“The woman said to him, “Sir, you do not even have a bucket and the cistern is deep; where then can you get this living water? Are you greater than our father Jacob, who gave us this cistern and drank from it himself with his children and his flocks?”” She doubts, like we do, how can God do this or that? Just because we cannot perceive it with our physical senses, but even with that doubt she still hold on to what He said, living water, it still plays in our mind, could that be true. Then she goes on to inform Him about Jacob and the well, and talks about him as if he, without God, was able to acquire the water, but in fact Jacob testifies to the opposite. Again we hold on sometimes to just the words but not where the words come from or spoken from whom, but just stop short of going deeper.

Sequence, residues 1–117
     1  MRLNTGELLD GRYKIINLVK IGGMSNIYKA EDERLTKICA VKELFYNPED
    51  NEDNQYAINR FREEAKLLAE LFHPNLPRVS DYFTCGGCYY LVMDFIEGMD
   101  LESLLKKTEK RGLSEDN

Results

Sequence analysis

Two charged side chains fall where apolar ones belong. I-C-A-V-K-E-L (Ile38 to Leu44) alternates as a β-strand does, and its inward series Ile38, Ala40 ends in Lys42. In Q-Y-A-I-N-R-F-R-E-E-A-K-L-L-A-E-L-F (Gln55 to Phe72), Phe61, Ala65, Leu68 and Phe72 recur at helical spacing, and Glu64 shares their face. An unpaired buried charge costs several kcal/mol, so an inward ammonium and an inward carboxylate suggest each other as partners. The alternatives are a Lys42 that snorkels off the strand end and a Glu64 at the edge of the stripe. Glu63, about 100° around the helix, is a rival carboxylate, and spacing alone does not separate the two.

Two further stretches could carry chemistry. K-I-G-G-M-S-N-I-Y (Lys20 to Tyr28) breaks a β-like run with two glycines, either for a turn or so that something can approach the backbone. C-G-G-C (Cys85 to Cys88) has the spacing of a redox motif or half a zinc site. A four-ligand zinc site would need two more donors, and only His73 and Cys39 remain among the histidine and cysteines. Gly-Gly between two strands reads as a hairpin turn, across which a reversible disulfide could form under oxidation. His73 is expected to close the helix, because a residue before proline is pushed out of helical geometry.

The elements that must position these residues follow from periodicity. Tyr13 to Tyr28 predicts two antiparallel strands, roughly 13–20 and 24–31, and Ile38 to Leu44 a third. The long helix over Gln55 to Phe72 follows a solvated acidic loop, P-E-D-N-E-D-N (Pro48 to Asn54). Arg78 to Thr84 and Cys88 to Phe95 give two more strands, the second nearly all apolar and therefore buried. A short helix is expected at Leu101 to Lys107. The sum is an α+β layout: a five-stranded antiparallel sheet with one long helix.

“Jesus answered and said to her, “Everyone who drinks this water will be thirsty again; but whoever drinks the water I shall give will never thirst; the water I shall give will become in him a spring of water welling up to eternal life.” Jesus does not go through history and linage about Jacob and how it was God who helped and saved Jacob, but notices what she held on to from His previous statement, living water, and now starts to escalate the dialog, raising it up to a higher level. He points out to her the physical reality of the water, and reminds her that she will be coming back to this well always with an empty jar and she, yet again, be thirsty. We try to fill the emptiness within us with other thing and not God and we know that it will never quench our thirst, and that is when God reaches in and makes us realize that what we have, and what we are comfortable with is not enough. The next part of His statement points to Him, I shall give, and now we start to look at Him even closer, because at first he pointed out God and now Himself. He goes on further and points out that not only what He gives to us will never make us thirsty, but that we will overflow with it. God will keep pouring into us, and only needs our yes to go above and beyond our wildest dreams, because not only will I be overflowing with this living water, but it will consume me to the point of eternity.